Under the Influence part two was even better than part one. But that's just my opinion. Not only did it tie in very nicely with part one, Aubrey Shepherd finally became a Christian! A very reliable source of mine, who happens to hate Aubrey's character, openly admitted that... yes... this episode was pretty good, and Aubrey wasn't that bad. I'll just leave it at that. Some of you probably know who I'm talking about. :)

I really enjoyed the emotional scenes with either Aubrey or Mr. Shepherd crying and/or thinking in the chapel and/or praying. Their conversations reminded me of the old days when there was a sense of family relationship between the characters. Dialogue between families was almost all the time. Now... well we're lucky to have one ONCE per season. Hey, there's a start! Now if they could up it to two that'd be swell!

Conclusion...  The part where I finally wrap things up.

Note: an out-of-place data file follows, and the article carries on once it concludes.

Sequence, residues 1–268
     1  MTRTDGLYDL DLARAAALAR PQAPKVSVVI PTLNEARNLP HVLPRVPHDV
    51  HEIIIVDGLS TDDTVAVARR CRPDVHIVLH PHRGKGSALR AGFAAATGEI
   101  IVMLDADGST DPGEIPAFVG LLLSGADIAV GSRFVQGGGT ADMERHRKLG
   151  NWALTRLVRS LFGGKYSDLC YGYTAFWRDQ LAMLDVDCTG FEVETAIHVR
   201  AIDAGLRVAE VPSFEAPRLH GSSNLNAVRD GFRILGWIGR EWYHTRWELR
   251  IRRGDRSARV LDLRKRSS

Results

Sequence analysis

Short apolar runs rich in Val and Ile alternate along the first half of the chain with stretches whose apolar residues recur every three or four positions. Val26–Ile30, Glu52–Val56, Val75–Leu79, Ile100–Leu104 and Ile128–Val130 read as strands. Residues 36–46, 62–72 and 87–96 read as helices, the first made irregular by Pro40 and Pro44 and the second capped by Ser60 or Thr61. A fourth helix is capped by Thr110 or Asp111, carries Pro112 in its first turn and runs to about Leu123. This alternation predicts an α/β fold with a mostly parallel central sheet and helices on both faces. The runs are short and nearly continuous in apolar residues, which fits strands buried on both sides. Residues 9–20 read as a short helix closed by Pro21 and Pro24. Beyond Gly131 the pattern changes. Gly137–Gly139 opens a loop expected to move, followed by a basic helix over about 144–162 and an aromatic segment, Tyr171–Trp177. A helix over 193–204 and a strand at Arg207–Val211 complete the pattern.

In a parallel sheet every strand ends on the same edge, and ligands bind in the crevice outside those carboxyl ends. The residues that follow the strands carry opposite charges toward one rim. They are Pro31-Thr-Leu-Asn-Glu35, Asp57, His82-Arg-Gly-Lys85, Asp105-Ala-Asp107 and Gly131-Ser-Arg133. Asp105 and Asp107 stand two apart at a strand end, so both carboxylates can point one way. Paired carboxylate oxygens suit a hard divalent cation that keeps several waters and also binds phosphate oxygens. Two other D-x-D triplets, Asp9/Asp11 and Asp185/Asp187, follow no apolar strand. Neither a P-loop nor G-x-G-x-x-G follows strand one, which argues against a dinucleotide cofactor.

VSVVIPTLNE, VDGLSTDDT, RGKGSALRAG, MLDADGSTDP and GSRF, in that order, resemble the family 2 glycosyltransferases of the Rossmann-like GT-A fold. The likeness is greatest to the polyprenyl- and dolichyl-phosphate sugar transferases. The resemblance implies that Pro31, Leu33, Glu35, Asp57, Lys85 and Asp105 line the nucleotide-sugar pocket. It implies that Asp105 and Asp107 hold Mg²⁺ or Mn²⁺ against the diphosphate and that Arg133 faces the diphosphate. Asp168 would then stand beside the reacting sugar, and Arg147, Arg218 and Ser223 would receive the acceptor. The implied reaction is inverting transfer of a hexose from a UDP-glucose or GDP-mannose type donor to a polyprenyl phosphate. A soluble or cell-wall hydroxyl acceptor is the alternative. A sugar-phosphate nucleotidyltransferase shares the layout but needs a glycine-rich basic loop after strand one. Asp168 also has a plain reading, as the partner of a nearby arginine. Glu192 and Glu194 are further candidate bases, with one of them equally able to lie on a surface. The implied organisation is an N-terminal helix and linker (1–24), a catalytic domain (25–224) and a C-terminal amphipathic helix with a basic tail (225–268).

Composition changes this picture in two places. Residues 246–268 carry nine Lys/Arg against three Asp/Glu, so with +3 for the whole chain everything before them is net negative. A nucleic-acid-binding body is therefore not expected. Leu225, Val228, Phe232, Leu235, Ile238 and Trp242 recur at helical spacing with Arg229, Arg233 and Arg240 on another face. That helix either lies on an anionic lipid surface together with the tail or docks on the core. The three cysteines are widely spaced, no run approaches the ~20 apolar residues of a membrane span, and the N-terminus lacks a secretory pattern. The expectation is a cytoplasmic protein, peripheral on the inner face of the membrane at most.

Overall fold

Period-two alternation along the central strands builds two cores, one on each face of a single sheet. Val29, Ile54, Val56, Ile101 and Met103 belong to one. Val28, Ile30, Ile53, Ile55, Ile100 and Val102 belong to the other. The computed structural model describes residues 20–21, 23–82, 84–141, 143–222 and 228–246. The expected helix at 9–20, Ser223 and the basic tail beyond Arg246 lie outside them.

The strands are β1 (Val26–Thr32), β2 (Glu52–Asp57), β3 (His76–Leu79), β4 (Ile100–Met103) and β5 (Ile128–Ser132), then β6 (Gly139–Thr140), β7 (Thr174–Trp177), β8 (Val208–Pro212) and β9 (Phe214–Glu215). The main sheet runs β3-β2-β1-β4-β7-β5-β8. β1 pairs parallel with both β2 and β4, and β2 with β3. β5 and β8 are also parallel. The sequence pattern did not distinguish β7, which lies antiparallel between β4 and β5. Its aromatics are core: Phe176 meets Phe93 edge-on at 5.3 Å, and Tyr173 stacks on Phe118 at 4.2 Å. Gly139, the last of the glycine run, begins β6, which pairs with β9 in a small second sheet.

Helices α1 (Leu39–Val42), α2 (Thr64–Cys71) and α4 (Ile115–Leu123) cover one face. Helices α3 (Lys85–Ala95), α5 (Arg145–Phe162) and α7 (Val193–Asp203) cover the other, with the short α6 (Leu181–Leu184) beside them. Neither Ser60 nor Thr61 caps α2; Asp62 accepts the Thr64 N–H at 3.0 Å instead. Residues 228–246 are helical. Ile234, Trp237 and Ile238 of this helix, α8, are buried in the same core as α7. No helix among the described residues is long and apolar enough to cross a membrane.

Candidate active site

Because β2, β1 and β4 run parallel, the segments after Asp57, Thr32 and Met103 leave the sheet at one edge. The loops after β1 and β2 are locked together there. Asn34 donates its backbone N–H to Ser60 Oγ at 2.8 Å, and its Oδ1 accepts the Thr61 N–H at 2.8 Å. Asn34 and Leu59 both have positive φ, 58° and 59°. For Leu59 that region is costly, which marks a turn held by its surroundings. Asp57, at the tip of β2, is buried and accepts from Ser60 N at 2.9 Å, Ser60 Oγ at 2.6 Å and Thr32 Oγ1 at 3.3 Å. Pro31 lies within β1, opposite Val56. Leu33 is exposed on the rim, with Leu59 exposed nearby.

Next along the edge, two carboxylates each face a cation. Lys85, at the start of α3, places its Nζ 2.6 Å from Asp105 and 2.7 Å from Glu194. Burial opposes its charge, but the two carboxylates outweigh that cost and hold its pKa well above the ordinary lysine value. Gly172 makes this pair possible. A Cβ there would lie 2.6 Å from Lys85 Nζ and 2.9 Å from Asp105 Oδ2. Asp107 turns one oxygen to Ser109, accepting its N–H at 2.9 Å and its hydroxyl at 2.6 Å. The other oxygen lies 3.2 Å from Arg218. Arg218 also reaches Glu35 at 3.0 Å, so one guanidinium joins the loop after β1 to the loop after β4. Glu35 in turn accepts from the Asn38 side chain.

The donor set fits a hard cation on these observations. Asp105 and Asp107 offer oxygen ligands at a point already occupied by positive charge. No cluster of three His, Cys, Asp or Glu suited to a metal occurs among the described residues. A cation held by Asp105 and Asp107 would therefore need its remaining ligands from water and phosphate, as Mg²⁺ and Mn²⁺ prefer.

Before I end my review of parts one and two, I just have to mention one minor thing that bothers me. I listened to parts one and two, and the scene relating to the "Novacom/Andromeda/Veil Industries" saga doesn't fit. If you haven't noticed, Focus on the Family picks and chooses which episodes it plays. In a few years or so, FOTF will be choosing which episodes it plays on the weekly broadcast and the Novacom saga will be rather... let's just say difficult. Under the Influence would make a perfect episode to play on the radio during its allotted time, but... will someone new to this episode understand what is going on? Yeah... Whit talks to the Novacom's new manager about their programming. Won't the listener want to know why? I think that this scene should have been saved for a future episode, not thrown in with a "normal" episode. Just a thought to ponder.

I give Under the Influence a resounding 4 1/2 cones. It's very likely that this two-parter can lead someone to Christ.